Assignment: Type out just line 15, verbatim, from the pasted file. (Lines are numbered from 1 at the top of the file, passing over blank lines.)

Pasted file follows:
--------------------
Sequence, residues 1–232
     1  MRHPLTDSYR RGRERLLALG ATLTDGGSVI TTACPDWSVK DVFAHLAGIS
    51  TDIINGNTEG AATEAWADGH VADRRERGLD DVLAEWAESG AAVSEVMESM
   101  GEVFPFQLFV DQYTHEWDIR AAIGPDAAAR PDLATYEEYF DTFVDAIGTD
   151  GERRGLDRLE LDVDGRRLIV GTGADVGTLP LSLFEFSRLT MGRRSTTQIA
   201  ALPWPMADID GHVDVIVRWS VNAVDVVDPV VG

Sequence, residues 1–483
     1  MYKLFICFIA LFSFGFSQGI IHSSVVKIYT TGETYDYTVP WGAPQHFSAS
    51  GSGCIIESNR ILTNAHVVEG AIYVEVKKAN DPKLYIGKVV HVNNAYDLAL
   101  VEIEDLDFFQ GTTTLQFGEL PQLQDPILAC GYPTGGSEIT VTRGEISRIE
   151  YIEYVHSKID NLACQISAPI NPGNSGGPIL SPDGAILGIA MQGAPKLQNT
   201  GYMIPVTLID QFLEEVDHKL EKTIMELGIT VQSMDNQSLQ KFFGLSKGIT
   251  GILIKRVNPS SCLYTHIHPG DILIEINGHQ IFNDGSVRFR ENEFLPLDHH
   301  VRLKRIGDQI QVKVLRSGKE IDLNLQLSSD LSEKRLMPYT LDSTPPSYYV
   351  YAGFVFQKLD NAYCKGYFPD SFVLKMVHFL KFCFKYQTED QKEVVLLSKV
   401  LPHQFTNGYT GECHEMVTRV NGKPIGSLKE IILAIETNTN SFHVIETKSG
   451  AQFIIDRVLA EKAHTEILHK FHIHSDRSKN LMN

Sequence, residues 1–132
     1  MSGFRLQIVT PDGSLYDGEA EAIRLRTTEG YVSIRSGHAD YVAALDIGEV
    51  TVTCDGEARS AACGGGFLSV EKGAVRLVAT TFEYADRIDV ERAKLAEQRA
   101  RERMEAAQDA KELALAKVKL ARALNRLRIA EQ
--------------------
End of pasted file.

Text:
   351  YAGFVFQKLD NAYCKGYFPD SFVLKMVHFL KFCFKYQTED QKEVVLLSKV